More than 200 private drinking water wells have been contaminated by natural gas drilling activity in Pennsylvania since 2007, according to documents released late Thursday by the Pennsylvania Department of Environmental Protection.
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The DEP released a list of 243 well contamination complaints that led to investigations and, in most cases, some form of resolution.
The number of complaints amounts to 2.8% of the 7,536 unconventional wells drilled since 2009.
Between 2009 and 2010, during the land rush to the Marcellus, water complaints nearly doubled from 34 in 2009 to 61 in 2010, the record shows.
About half drinking water wells were damaged by conventional drilling and half by unconventional, or horizontal, drilling, DEP Deputy Secretary for Oil and Gas Management Scott Perry said in a statement.
Complaints declined 41% in 2011 to 36 contaminated wells and remained at that level until dropping again this year to 1.3% of the 810 horizontal wells drilled through July, DEP records showed.
Common complaints that were confirmed include elevated levels of methane in the well water, wastewater and chemical spills on the surface, and wells whose water became undrinkable. None of the complaints could be linked directly to hydraulic fracturing fluids leaving the wellbore.
As the letters are all to individual well owners, sometimes a single well generated multiple complaints.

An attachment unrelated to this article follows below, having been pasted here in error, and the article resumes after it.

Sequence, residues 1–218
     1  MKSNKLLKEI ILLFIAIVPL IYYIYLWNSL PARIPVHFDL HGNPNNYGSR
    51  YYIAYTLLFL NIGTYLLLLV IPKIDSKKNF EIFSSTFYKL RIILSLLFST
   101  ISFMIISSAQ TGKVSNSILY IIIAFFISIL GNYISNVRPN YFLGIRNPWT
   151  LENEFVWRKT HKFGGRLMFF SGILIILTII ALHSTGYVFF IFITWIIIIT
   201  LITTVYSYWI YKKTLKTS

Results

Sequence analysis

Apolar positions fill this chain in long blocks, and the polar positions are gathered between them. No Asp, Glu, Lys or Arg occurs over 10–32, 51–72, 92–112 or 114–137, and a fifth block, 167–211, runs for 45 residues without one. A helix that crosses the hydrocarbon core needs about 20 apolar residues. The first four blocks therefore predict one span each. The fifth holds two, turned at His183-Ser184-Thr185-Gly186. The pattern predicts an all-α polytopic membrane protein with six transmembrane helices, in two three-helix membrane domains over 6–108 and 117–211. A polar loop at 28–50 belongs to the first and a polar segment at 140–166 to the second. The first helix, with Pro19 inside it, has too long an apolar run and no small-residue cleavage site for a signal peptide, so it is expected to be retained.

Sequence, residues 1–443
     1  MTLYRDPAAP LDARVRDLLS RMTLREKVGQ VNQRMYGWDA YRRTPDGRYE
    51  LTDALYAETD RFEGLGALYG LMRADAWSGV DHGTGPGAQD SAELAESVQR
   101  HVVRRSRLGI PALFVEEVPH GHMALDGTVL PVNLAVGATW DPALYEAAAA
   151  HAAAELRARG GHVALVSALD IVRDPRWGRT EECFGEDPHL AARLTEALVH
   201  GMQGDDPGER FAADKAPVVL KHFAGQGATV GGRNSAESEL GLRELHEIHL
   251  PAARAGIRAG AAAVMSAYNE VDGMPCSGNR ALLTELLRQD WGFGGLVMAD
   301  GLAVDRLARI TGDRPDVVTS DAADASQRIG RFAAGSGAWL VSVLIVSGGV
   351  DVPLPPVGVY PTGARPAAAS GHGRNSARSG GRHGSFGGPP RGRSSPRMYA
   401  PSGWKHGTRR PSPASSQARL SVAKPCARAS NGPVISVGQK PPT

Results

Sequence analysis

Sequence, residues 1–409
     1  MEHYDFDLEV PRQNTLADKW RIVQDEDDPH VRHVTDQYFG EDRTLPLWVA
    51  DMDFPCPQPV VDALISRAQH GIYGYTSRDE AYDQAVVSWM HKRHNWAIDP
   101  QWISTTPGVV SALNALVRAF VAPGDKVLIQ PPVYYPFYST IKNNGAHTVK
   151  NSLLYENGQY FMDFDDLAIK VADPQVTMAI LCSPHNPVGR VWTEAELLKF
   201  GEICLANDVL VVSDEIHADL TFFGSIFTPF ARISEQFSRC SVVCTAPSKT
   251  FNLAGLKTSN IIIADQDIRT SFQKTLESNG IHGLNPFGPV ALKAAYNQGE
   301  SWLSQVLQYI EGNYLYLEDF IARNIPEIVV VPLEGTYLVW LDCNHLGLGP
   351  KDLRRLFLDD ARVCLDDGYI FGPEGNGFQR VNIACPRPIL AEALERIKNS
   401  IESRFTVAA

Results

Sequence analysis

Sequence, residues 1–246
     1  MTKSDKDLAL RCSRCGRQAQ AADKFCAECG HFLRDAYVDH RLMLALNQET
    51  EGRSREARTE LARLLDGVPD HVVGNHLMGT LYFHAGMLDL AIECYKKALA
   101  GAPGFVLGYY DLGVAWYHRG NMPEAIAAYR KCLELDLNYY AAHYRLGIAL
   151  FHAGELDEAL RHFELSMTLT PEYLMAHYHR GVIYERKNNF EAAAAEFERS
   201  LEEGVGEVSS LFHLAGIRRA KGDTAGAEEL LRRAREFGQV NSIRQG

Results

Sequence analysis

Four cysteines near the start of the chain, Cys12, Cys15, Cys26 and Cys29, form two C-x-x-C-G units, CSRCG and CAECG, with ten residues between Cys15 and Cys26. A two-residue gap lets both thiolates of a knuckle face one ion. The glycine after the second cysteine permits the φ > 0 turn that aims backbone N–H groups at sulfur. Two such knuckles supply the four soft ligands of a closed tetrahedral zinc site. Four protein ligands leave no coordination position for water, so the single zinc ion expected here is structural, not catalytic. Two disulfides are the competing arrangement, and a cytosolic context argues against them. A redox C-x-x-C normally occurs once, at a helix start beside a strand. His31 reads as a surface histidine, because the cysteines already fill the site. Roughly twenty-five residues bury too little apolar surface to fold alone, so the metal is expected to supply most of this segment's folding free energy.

Many complaints were temporary and resolved by the operator, a survey of the 243 documents showed.
Drinking water well complaints were made most frequently in the dry gas portion of the Marcellus in northeast Pennsylvania counties such as Susquehanna, Bradford and Tioga.
The head of the Marcellus Shale Coalition, a trade group for Marcellus drillers, said the numbers only confirm that Pennsylvania -- with large amounts of methane close to the surface and no regulations on water well construction -- has "long-standing water well-related challenges."
"Pennsylvania's shale regulations have been dramatically strengthened over the past several years -- from overall well construction practices, including enhanced casing and cementing requirements, to expanded pre-drill testing, and heightened surface containment measurements -- aimed at protecting groundwater, as well as the reality that these issues -- many related to surface spills -- were not tied to the hydraulic fracturing process," MSC President Dave Spigelmyer said.
The DEP gave no reason for the timing of the data release. The agency has been under pressure, including lawsuits by the Associated Press and other media outlets, to release the complaint files.